One was driven away on his significant other’s insistence, another out of some unexplained need to take a break for the year. Yet another left, claiming she was being stalked and her departure was at the insistence of legal authorities for her own protection.

Another friend comes and goes all the time, claiming the need to purge from the negativity showing up in her stream.

I joined Facebook as a writing career move, prodded by an agent to establish my social platform. Naturally, many of my online friends are other writers, doing the same. Now I’m having doubts too, and I know that others have long had the same. What I have to say here is nothing new, but I’ll say it anyway.

I do what all my writer friends are doing – posting links to my blog, reading updates, publishing updates, – you know – marketing myself. This is the dark side of being creative. The very antithesis of it. But part of being artist is performing your work (i.e., getting published, presenting readings), and marketing yourself is an entree to both of those ends.

Yet the creative urge is fed by lots of time alone with the work. And not all the time you spend talking about your work.

The flipside is that I am on the receiving end of all of my writer friends’ marketing efforts, and along with my happiness for them when they succeed there always comes a stab in my belly that I’m not keeping up, that I should be doing more, that I’m not getting published enough, that I’m not winning enough awards, getting the important reviews, etc, etc, etc.

And that’s just the thing.

Affirmation (in the form of a Facebook like or number of views) creates the need for more – it’s a vicious cycle –there is not enough affirmation (Facebook liking) in the world, for anyone to ever feel validated. Loved.

You can’t get true affirmation from an impersonal system masquerading as a community that is really trying to pitch ads at you and make money for a Faceless corporation.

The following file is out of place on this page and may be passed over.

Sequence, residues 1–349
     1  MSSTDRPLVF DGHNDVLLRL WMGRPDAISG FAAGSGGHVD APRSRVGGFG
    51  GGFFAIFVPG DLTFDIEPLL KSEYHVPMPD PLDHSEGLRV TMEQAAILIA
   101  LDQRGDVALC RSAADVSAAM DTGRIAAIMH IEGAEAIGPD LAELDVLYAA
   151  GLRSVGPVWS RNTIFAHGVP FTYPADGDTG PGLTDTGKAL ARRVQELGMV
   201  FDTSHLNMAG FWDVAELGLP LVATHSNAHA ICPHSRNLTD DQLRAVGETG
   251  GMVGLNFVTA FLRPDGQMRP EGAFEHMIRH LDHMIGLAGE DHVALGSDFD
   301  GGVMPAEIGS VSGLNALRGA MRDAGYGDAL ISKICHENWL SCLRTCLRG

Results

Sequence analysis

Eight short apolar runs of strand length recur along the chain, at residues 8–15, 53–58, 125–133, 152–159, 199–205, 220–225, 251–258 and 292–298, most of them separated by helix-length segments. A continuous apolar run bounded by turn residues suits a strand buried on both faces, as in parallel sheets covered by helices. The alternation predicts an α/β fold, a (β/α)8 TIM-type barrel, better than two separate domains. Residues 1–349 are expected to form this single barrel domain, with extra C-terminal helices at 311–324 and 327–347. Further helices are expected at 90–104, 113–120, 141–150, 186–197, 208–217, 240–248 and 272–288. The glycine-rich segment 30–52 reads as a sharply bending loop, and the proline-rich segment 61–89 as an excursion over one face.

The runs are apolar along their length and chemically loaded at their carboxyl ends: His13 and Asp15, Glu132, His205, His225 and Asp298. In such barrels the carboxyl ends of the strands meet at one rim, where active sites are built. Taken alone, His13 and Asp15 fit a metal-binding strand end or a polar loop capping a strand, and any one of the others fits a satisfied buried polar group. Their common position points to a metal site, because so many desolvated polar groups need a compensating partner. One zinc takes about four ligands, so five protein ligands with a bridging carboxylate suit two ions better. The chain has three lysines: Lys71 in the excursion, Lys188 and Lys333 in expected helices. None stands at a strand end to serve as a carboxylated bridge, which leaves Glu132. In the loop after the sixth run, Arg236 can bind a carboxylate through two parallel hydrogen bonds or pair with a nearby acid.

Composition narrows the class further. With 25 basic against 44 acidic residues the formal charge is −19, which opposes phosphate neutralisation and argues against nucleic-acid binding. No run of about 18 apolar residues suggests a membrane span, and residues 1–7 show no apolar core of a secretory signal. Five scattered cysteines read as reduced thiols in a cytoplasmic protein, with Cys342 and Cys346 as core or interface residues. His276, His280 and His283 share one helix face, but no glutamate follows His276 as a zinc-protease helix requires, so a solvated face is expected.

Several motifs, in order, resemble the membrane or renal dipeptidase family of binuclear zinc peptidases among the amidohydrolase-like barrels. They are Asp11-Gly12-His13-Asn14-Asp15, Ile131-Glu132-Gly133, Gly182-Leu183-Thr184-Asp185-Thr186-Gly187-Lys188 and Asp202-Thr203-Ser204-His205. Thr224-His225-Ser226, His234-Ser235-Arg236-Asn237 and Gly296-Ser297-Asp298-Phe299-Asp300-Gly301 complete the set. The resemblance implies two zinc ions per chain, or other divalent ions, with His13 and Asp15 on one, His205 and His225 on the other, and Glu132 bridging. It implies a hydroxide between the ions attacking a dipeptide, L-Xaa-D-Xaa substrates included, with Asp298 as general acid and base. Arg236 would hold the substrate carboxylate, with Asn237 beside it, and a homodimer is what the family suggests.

I wish I could be one of those people who just posts and moves on, invested with a power ego that doesn’t care if people like or hate what they say. To be honest, that was my goal when I naively joined up. That I could be the real person that I am, express my real opinions, and be better for it.

But I’m neither being real, honest, or feeling better for it.

Writer Sherry Turkle says, Facebook is the place “where you show your best self. It’s a place for good news, not the place where you talk about your most vulnerable self.”

And it’s true: Susan – the public persona as seen on Facebook is nowhere close to the real person that I am. The Facebook Susan is a curated façade, intended to help market me as a writer and, I admit, to share my other personal successes for your stamp of approval.


Again, this is not a new thought, just a realization of how artificial this community can be.


As much as I love to see my friends and family’s adorable baby and pet photos, as much as I do cherish new friends I’ve made only because of striking up a Facebook friendship, as much as I love to keep in touch with friends, old and new, I’m finding it harder and harder to give a thumbs up to the Facebook experience these days.

And I know I’m not alone. So there’s community in that, right?

Hello 2015

You lie asleep,

deep in dreams,

deaf to all our

whispered wishes that

somehow you –

the fresh babe of the New Year —

will deliver all we have been denied,

resolve all our sorrows

in the coming tomorrows.


We’ve tasked you with

rectifying bad habits,

sad outlooks,

bettering our butts,

improving our paychecks,